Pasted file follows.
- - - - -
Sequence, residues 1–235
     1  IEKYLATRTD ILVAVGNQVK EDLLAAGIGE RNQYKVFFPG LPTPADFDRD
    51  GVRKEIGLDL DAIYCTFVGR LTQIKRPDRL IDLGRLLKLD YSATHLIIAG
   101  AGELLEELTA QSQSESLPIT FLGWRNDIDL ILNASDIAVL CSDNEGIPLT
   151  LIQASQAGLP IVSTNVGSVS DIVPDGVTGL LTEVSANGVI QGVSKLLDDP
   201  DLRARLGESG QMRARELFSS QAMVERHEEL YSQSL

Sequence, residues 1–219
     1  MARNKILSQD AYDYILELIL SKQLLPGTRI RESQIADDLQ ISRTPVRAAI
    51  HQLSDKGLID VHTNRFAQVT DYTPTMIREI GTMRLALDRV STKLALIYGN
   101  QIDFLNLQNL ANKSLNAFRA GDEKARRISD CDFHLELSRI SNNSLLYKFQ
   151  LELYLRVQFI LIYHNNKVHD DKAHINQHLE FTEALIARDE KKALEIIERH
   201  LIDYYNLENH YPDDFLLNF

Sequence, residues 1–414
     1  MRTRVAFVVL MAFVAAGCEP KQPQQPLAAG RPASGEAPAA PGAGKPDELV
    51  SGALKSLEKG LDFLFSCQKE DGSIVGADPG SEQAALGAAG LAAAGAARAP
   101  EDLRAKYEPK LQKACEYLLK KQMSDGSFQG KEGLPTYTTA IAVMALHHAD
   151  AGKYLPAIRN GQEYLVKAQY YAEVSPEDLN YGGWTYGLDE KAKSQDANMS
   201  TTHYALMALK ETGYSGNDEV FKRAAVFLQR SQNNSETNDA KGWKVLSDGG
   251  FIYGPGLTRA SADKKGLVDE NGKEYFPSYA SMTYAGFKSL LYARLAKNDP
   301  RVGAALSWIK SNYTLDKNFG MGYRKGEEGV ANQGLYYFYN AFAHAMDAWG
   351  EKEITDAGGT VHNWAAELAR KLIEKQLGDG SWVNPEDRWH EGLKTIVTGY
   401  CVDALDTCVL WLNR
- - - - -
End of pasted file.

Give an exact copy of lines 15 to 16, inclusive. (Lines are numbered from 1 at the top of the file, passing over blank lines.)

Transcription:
    51  SGALKSLEKG LDFLFSCQKE DGSIVGADPG SEQAALGAAG LAAAGAARAP
   101  EDLRAKYEPK LQKACEYLLK KQMSDGSFQG KEGLPTYTTA IAVMALHHAD